(Cyberman not included)
So how did Goldsmith and Band come to know each other?  They had gotten their start at the same time – and literally on the same project, though the movie in question has, perhaps, a less than stellar reputation?


I am also not ready for some football.
 

Yes…Band and Goldsmith got their first professional composing credit on the low-budget ’70s sci-fi horror flick Laserblast.  Saddled with a tiny budget that afforded them little more than the synths and equipment they already had, the two friends made the best of it…and yes, they shamelessly released Laserblast on CD as well, so we can finally hear the movie’s opening music without Tom Servo singing “There’s a place in France where the ladies have no pants…” over it!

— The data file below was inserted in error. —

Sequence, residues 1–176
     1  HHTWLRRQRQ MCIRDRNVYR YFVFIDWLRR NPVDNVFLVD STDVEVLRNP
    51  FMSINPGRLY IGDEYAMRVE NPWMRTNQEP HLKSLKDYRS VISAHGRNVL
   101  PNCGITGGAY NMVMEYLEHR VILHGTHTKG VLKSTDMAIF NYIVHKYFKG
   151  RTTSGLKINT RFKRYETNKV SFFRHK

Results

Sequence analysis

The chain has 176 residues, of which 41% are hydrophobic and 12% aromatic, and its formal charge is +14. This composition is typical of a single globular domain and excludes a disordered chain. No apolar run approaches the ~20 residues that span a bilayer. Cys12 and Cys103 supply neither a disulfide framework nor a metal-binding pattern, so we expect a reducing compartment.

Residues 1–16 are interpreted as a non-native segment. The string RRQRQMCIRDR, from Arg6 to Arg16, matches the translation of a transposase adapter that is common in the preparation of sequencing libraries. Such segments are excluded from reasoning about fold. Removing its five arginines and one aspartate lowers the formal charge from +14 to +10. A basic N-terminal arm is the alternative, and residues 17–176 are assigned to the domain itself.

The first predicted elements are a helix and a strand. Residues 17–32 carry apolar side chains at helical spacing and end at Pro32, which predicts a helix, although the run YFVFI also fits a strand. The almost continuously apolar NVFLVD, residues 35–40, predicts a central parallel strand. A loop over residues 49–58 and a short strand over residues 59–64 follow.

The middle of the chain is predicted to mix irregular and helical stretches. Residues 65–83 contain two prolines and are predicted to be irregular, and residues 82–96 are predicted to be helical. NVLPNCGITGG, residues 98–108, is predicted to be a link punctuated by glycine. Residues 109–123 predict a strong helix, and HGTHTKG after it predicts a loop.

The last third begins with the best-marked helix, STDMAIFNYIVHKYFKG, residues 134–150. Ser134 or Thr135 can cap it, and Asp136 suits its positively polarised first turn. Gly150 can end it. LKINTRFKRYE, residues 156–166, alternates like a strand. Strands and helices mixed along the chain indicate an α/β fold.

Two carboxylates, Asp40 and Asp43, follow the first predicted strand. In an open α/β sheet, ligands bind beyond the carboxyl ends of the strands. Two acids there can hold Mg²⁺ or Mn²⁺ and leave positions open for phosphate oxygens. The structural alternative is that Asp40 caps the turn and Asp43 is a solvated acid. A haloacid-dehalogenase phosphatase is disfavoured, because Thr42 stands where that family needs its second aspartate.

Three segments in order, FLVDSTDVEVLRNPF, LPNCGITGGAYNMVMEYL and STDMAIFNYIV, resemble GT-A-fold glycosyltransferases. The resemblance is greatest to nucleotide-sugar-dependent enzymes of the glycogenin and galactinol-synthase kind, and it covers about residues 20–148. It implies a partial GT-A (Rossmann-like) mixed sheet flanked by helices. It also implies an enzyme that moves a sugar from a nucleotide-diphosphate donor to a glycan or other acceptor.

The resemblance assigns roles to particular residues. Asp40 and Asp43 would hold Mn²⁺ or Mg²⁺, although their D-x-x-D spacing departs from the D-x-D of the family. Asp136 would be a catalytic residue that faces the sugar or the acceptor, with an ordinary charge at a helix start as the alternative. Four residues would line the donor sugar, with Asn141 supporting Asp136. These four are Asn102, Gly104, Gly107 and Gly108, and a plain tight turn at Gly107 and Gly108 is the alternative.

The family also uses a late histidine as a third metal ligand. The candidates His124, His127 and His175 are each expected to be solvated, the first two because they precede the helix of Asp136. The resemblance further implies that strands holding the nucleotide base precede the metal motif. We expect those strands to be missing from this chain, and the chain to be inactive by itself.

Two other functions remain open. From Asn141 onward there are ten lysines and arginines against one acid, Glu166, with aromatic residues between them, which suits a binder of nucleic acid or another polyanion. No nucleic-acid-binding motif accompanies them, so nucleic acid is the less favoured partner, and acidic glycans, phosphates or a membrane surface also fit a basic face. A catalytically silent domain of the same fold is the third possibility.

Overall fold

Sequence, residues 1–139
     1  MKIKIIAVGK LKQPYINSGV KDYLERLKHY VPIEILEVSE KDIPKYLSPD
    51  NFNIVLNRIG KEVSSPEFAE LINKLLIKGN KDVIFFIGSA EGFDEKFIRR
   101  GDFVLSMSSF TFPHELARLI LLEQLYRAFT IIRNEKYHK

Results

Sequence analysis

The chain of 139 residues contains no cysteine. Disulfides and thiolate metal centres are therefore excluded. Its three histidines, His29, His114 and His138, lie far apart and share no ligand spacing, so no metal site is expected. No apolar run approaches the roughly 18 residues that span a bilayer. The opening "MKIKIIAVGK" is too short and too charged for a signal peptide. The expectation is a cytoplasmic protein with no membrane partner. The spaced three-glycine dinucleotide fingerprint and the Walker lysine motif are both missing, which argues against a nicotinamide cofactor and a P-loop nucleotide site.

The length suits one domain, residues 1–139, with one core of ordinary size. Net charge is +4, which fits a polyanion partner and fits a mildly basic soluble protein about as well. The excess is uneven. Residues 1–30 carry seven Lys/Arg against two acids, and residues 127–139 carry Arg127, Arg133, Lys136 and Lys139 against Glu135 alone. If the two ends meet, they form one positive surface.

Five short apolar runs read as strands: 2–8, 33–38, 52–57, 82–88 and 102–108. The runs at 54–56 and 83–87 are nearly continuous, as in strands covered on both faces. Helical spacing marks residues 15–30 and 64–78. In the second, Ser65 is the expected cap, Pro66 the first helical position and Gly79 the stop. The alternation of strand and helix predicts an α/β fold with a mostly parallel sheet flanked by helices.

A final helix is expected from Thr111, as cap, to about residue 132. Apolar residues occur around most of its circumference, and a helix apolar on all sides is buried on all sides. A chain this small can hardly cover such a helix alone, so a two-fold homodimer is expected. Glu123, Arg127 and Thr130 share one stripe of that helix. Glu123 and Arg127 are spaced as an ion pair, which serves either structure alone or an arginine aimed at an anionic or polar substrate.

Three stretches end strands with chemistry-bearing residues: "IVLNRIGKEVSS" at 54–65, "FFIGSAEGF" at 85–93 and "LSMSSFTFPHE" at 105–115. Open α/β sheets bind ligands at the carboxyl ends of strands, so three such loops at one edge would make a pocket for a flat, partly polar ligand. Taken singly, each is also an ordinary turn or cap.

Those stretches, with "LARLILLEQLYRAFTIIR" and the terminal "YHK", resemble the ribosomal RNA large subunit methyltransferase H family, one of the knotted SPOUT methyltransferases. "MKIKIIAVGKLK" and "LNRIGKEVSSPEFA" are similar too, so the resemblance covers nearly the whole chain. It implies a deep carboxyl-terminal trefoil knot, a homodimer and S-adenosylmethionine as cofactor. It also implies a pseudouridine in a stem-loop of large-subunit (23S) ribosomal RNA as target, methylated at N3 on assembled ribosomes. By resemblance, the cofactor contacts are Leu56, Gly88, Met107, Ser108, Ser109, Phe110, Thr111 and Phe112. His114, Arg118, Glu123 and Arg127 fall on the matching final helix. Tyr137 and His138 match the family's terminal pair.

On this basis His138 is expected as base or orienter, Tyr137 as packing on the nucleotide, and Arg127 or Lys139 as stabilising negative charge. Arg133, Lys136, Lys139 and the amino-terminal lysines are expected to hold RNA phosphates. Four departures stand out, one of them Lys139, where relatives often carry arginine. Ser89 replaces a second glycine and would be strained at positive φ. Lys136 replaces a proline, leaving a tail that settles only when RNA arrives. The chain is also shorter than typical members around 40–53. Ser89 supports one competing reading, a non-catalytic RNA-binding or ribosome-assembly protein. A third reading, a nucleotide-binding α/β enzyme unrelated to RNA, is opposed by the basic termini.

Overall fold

Well, maybe you liked that part of Laserblast‘s return to the spotlight as an episode of Mystery Science Theater 3000.  The Laserblast soundtrack is an interesting listen if you’re okay with its very ’70s tendency to go almost atonal.  Best of all…you can still buy the Laserblast soundtrack or download it via Amazon.

Fast-forwarding back to the age of Stargate, I’m hoping that this new Intrada release sells well enough that the label might consider revisiting the franchise musically, possibly featuring more of Goldsmith’s work.  There are so many incredible musical moments, like this one from a Stargate Atlantis episode that questioned the wisdom of “enhanced” interrogation techniques and anonymous intel, that need to be on CD.

And, of course, we never got an official Stargate Universe soundtrack at all, a gap in the Stargate musical library that needs to be filled.

So really, this new release of Richard Band music from Stargate SG-1…is the culmination of a partnership and friendship that lasted decades.  Surely the SG-1 team themselves would approve of those kind of squad goals.

Untouchables

Retroist Scoreboard: Untouchables And Labyrinth – Goblins And Gangsters